Excel Conditional VLOOKUP – Switching Between Multiple Lookup Ranges - KING OF EXCEL

Tuesday, September 19, 2023

Excel Conditional VLOOKUP – Switching Between Multiple Lookup Ranges


Excel Conditional VLOOKUP – Switching Between Multiple Lookup Ranges

We all love LOOKUP functions in Excel and the heart favourite is VLOOKUP. We are well introduced to VLOOKUP and have already seen VLOOKUP in action several times, but we never came across a situation where we have multiple ranges to look up and have to switch between them based on a condition.

For example, to calculate wages of workmen you have defined different rates depending on hours worked. Up to this point situation is easy as we can used VLOOKUP formula to easily fetch the rate corresponding to correct number of hours within data range. But what if you have different rates if labour force exceeds standard working hours?

In this case you will have two ranges; one range for hours worked upto standard hours and second for hours worked above standard hours. So how can we make a lookup function to jump between two ranges and give us the right hourly rate?


The solution is easier than you think. As now we have a condition that “if hours worked are above standard hours then use second range otherwise use first range to fetch the hourly rate”. This is exactly our approach in Excel too and we will accomplish it using Excel’s very famous IF function.

Download Excel Tutorial File
Download this example tutorial file that helps you apply Excel techniques discussed in this tutorial and follow the steps below.

Named ranges – Making things easier

Names manager let you name specific range of cells and that makes many things simple and easy to write, refer and understand. So lets have this done before we assemble our functions together.

Step 1: Open up the file you downloaded and you will find two ranges named upto standard hours and the second one as above standard hours . Select cell B14 and drag the selection to cell C21 and hit Ctrl+F3 which will invoke names manager.

Step 2: Click new button and in the dialogue box that appears type range1 in the name field.

Step 3: Repeat same steps for second range but name it range2.

Following animation shows naming for range1:

multiple lookup

VLOOKUP + IF = Multiple range LOOKUP is born!

Go to cell C4 and type the following formula:


I always say that if you have formula containing multiple functions always start with the most  inner function and that will make sense much easier as Excel follows the same approach too. So in this case we have IF function sitting in the middle.

Reminding you what I said in the beginning:

“If hours worked are above standard hours then use second range otherwise use first range to fetch the hourly rate”

In excel it is put in function like this:


Cell B1 contains the standard hours information. Excel first compares the hours in cell B4 (that are actual hours worked) with hours in cell B1 (standard hours). This will help establish if the range1 (range that contains rate if actual hours worked are upto standard hours allowed) is to be used or range2 (range that contains rate if actual hours worked exceeds standard hours) is to be used.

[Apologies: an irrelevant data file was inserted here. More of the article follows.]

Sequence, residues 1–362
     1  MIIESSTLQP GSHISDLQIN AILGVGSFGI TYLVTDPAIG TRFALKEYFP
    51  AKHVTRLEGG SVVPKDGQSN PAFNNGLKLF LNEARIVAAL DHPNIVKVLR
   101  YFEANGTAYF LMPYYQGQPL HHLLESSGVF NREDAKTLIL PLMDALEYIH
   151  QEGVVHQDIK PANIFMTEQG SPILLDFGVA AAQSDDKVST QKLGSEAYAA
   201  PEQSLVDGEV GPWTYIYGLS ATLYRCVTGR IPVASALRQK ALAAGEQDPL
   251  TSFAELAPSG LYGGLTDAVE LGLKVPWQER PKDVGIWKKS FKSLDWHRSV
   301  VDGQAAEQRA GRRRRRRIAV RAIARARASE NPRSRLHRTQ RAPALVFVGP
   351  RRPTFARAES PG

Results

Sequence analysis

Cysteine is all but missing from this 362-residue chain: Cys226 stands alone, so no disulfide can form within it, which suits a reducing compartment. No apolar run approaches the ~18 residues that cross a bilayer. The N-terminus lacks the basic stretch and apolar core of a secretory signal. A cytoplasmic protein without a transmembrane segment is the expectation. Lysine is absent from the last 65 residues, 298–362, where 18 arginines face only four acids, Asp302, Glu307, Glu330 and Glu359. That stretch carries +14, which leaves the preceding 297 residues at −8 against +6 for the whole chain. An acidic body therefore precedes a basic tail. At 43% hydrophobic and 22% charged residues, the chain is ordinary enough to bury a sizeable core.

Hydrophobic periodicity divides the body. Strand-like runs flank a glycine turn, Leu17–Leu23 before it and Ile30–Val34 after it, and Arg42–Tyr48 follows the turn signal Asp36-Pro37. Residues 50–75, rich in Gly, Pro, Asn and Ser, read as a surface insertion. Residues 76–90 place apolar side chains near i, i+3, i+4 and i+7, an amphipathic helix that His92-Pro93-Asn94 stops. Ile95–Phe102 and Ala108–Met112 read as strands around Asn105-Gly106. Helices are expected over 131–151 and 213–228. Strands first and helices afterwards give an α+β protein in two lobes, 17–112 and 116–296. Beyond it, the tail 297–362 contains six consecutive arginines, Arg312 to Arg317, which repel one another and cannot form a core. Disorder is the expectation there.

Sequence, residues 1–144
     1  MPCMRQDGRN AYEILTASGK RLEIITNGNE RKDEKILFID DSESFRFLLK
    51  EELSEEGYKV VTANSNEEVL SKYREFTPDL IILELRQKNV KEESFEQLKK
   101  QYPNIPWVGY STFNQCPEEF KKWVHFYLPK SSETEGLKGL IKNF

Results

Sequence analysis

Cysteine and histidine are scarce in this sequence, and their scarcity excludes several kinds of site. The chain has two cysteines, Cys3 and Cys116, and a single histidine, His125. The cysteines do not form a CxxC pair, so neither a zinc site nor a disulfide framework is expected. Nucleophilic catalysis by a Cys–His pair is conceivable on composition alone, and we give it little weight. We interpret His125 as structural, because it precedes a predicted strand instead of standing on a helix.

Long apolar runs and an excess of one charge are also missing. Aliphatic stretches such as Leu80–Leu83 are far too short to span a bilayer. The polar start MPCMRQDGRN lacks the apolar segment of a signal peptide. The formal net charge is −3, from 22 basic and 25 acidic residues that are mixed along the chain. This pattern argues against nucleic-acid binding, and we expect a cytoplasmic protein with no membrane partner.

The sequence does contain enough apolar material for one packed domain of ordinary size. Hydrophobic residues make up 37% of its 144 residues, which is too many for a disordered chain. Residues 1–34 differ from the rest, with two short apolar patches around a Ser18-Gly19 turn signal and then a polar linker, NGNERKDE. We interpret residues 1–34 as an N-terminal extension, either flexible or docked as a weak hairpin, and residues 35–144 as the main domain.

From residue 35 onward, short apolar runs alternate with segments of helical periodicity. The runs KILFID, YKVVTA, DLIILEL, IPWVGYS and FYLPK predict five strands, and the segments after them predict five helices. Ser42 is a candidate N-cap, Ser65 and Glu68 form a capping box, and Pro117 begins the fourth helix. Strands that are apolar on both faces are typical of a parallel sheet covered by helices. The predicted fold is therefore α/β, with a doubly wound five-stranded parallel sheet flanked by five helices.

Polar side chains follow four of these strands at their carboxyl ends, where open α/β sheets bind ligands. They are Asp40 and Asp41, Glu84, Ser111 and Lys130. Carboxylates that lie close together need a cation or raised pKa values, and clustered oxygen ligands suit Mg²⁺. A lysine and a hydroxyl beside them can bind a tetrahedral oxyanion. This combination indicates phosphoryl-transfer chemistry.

In simple words if hours in cell B4 are more than the hours mentioned in cell B1 then use range2 otherwise use range1 to fetch rates.

Once range is decided, VLOOKUP kicks in and it will start looking up in column B. Remember while naming ranges we selected two columns B and C with several rows where column B contains hours information and column C contains corresponding rates.

For Iron man who worked 50 hours it exceeded standard hours therefore Excel will jump to range2 i.e. B25:C32.

And thus the formula will practically shorten to this:


It will start looking for hours and will find a closest match on row 30 in column B and as formula has mentioned 2″ that means value to be fetched is in second column in the selected range therefore it will go to cell C30 and fetch a rate of 30.

Now double click the fill handle so that rest of the cells can populate with the same formula and you have rates calculated for you in no time by doing lookups in two ranges following the condition.

So this is how you do look ups on multiple ranges using conditions. Don’t forget to checkout Excel tutorials collection. And yes there is one more surprise for you if you are not already aware of it. We have started LIVE Excel Sessions or webinars where we are inviting known Excel heads to share their knowledge and expertise with us. And yes we have done one session already and next is tomorrow at 10:00PM Pakistan time. Head over to this page to learn more about upcoming sessions and webinars.

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